Males and females:
    • Many have written in asking how to tell males from females. Unfortunately, with the Dwarf frogs it is very very hard to tell.
      As a rule, the females tend to be bigger than the males. I have found that the males tend to be darker and rougher looking (as in: "bumpy", not as in: "hey, lets wear leather jackets and go ride motorcycles!"), but this too is a generalization, and often there are exceptions. One visitor writes: the easiest way to tell is to look just posterior to the forelimb. Males have a very distinct white bump there. Some females also have a white patch there, but in males, the bump is very very distinct.
      Ive also heard my male frogs make a low humming noise as a mating call. (but I'm not sure if the females dont sometimes sing's hard to tell!)
      I understand that during the breeding season (which in an aquarium is hard to determine sometimes, as their climate is so carefully controlled!) the males get darker or slightly enlarged inner arms...but how anyone can tell on so tiny a creature is beyond me! In addition, the females seem to have a teeny tiny tip on their, er...bottom - a bit like a tiny tail, or bump.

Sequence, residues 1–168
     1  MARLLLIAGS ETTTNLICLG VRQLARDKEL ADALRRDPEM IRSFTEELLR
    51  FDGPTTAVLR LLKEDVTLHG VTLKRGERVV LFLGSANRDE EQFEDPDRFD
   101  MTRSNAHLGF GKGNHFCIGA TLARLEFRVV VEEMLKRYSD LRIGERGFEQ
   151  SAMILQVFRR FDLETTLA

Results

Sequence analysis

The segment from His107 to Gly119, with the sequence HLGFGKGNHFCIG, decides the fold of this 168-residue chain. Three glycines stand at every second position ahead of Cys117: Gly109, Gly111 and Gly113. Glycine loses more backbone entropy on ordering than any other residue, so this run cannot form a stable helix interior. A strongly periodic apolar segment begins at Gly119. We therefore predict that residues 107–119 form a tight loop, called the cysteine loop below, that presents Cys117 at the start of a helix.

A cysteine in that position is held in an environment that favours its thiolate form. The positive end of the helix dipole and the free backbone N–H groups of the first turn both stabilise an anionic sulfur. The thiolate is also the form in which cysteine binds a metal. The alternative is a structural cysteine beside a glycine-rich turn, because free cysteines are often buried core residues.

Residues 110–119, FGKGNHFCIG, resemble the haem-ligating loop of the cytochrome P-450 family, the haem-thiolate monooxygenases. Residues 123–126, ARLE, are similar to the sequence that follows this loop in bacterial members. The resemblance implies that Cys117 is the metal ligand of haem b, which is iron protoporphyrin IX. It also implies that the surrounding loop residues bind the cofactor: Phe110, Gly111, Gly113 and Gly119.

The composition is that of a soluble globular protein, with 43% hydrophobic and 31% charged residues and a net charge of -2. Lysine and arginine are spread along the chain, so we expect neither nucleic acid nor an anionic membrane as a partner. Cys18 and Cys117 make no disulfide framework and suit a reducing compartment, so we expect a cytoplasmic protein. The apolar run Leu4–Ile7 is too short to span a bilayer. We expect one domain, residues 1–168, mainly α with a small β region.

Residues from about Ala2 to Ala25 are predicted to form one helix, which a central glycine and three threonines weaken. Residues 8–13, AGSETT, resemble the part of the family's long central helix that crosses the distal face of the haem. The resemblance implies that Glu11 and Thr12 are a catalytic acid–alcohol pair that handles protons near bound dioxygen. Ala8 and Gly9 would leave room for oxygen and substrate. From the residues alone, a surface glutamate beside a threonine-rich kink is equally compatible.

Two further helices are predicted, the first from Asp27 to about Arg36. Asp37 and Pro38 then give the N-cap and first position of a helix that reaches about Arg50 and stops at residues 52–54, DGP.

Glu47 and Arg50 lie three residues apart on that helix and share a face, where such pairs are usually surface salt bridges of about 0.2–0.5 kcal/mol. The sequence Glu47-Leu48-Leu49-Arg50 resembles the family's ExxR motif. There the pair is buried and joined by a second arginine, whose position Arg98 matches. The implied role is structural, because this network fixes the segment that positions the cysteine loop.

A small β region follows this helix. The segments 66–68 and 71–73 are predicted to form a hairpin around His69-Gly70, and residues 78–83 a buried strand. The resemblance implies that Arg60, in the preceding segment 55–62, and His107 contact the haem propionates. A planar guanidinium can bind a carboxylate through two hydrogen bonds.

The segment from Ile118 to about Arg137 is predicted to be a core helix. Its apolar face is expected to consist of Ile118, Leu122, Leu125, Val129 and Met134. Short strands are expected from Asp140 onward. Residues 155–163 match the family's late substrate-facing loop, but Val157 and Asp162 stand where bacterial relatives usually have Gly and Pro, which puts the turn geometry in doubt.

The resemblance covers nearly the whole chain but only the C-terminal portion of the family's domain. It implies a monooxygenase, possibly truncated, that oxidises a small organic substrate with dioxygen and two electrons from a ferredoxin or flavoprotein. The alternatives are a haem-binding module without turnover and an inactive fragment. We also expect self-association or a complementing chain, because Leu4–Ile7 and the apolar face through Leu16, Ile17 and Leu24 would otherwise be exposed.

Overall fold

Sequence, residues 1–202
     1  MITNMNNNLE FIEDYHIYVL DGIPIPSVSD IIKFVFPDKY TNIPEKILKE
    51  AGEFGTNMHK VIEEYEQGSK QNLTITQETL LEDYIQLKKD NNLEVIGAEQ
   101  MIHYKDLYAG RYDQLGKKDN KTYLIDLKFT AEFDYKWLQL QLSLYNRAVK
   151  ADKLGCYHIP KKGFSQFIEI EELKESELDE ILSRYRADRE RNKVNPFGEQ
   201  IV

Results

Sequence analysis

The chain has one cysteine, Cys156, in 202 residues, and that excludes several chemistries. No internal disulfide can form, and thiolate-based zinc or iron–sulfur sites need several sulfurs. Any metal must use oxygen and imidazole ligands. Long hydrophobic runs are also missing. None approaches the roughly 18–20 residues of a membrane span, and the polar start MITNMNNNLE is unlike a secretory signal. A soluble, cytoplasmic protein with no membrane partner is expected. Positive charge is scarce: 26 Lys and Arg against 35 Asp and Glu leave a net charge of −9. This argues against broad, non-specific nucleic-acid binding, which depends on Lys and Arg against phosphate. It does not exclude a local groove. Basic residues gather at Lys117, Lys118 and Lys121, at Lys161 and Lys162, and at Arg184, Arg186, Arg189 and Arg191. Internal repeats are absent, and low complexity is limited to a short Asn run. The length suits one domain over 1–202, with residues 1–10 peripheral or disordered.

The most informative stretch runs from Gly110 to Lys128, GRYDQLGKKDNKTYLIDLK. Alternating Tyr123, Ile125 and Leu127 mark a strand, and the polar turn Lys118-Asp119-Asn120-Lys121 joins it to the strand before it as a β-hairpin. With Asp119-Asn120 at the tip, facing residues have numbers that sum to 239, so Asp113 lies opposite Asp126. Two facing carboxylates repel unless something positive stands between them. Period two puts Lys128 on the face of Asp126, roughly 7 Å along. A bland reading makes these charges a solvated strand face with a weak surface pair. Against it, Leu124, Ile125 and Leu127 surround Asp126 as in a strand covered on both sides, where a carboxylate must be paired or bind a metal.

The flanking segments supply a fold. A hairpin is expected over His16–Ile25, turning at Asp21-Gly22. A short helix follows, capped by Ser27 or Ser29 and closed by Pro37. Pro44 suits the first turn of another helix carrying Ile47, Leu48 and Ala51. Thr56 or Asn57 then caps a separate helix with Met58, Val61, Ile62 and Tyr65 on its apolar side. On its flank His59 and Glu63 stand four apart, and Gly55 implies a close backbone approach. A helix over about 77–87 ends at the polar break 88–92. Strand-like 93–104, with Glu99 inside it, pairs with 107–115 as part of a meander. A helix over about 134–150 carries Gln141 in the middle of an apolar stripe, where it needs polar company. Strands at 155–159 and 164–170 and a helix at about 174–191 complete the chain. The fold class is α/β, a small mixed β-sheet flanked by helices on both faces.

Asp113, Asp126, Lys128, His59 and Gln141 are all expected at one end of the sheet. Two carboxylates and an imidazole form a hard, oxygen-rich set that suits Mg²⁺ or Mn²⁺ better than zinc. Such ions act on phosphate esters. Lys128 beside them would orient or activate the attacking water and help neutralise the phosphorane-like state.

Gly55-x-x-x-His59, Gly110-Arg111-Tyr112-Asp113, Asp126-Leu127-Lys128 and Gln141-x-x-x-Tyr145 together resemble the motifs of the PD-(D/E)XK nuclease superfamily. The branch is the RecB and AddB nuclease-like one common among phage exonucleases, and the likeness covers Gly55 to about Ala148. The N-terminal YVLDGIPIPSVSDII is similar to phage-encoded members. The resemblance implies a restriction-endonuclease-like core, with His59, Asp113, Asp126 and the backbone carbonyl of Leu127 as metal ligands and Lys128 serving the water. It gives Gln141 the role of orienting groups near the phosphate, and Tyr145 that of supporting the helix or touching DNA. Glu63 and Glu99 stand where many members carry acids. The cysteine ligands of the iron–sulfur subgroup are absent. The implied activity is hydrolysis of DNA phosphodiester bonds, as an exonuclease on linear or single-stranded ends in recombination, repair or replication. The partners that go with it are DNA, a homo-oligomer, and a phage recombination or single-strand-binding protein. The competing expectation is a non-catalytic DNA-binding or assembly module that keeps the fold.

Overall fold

I haven't been able to tell what my smallest froggies are may be a while before they are big enough to distinguish at all! It seems to me that the easiest way to tell, and this is what tipped me off to the fact that Jake was a SHE, was to wait till it gets warm enough for, er, snuggling season. The one that clamps onto the other and piggyback rides is the male.
    • How long do these critters live? Well, I'm not exactly sure. The longest living frog in my collection lived between 1996 - 2002. However, they CAN live MUCH much longer! Their cousins, the Clawed Frogs, have been known to live for as long as 30 years! A friend of mine reported that his dwarf frog lived for 18 years.

Hey great News!! A new Webpage has appeared with all sorts of great information about this type of frog! Be sure to give it a visit to learn about breeding habits and more technical details regarding the care of these fascinating little creatures!
  • David Cecere's AWESOME African Dwarf Frog Page
  • More fun sites:

    Some notes about aquababies.

    I also have two Oriental Firebellied Toads {Bombina orientalis.}